If you don't believe me, ask the automotive industry about what happened in 1970s.

Posted by: Bulent Sayin on December 16, 2003 09:34 AM

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Camille Roy raises a crucial point when she asks whether corporations are entitled to the protection of the nation-state. There is a brilliant discussion of the impact of corporations on colonialist expansion in Africa, in Hannah Arendt's The Origins of Totalitarianism.

Corporations are merely aggregations of capital, deployed by people for their own ends. As a legal matter, for most purposes, corporations are regarded as persons, and are endowed with many of the same rights, if not all, as people. The confusion between the metaphor of corporation as person/human, and the reality of corporation as strategy for making money, gives rise to many anomalous results, including the bizarre notion that corporations are entitled to First Amendment protection, and are entitled to lobby.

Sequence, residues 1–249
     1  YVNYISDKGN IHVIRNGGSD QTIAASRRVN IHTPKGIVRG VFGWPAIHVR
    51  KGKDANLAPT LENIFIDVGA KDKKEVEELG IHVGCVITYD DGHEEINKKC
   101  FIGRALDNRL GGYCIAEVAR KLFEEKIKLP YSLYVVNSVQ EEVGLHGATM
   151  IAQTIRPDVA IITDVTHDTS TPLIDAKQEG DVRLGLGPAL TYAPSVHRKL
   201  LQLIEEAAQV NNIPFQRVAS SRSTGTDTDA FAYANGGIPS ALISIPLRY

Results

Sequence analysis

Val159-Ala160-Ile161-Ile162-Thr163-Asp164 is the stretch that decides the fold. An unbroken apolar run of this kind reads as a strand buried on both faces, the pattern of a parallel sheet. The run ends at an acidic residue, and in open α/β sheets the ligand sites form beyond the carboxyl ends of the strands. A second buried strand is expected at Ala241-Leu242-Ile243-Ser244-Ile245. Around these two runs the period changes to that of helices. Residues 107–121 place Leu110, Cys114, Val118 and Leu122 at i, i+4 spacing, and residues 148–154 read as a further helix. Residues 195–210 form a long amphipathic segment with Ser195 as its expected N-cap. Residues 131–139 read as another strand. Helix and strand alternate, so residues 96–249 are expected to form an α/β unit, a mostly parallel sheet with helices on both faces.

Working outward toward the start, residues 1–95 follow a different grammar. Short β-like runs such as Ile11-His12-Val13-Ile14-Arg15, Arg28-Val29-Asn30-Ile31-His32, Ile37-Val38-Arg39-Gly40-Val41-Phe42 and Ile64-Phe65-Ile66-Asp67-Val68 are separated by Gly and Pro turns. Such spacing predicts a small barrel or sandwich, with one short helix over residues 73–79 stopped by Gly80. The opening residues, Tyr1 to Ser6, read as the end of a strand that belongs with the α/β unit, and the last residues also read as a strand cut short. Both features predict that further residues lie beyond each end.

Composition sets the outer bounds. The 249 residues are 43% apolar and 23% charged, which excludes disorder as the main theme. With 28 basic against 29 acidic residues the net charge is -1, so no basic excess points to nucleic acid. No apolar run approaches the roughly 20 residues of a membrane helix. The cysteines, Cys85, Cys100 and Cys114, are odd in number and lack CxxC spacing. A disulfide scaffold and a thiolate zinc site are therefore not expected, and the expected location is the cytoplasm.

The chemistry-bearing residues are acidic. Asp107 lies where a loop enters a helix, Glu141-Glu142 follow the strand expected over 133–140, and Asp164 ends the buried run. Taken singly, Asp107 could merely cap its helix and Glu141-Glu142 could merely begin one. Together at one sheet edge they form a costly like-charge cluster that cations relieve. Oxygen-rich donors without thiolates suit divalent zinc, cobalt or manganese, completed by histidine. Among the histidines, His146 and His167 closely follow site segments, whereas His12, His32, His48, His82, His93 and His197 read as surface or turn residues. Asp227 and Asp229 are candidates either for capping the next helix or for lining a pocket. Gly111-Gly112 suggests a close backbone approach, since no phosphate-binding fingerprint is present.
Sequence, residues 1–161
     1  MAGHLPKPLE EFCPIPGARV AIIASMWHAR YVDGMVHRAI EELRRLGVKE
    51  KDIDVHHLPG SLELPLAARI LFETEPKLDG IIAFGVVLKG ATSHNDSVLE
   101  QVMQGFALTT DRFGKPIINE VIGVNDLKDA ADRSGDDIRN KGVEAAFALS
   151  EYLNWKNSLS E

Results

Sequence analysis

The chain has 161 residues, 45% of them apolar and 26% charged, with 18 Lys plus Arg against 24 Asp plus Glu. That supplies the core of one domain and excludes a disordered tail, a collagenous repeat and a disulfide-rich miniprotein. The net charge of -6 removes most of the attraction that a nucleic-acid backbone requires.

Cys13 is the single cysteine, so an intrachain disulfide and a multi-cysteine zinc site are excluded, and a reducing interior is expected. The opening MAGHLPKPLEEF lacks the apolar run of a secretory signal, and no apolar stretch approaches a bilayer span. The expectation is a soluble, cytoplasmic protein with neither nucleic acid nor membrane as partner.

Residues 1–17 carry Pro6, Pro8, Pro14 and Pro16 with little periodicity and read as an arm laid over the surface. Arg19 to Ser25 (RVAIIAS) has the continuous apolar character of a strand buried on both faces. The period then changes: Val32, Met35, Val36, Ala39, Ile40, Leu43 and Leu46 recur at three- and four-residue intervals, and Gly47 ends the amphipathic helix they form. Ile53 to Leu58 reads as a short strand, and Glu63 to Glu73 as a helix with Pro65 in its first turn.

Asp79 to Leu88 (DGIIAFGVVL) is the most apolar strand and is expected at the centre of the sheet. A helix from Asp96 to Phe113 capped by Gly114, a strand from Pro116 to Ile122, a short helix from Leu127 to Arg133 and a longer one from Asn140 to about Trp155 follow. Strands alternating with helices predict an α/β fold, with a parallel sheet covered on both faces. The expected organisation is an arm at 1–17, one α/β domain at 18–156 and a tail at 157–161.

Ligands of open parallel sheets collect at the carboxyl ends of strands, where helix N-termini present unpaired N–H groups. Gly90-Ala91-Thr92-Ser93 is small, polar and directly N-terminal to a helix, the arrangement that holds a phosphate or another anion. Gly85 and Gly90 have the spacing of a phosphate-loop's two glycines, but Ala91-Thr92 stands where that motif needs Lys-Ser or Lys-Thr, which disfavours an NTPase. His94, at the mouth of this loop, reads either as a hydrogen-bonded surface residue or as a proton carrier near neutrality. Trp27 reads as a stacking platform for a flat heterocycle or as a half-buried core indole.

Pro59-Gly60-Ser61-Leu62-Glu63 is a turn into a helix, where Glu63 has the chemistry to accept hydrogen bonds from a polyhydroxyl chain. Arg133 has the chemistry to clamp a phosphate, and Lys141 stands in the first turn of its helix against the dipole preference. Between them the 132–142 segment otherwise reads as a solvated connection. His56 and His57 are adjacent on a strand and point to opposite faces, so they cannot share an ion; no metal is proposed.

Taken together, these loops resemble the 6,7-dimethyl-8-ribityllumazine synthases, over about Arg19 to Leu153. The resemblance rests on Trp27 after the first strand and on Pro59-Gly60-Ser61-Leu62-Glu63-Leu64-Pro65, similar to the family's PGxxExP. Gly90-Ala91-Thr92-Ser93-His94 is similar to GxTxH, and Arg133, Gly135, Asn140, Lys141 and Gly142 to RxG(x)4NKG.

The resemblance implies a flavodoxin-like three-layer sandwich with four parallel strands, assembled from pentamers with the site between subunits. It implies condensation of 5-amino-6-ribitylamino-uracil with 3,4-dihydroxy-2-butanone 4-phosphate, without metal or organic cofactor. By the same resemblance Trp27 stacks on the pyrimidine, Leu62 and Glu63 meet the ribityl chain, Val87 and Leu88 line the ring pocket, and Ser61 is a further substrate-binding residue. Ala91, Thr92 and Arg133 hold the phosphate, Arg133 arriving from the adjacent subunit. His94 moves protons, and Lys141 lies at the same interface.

The dangers of this are everywhere apparent. As a simple example, many people believe that the war in Iraq is about oil profits. Given the enormous influence of Halliburton and Bechtel on the origins, and the conduct of the war and its aftermath, this is not totally unreasonable, if unprovable. The idea that we might have gone to war, and killed a lot of people, to profit huge aggregations of capital, is too hard to bear, and so it is dismissed in what passes for polite conversation.

The same thing is true about political contributions and lobbying by corporations.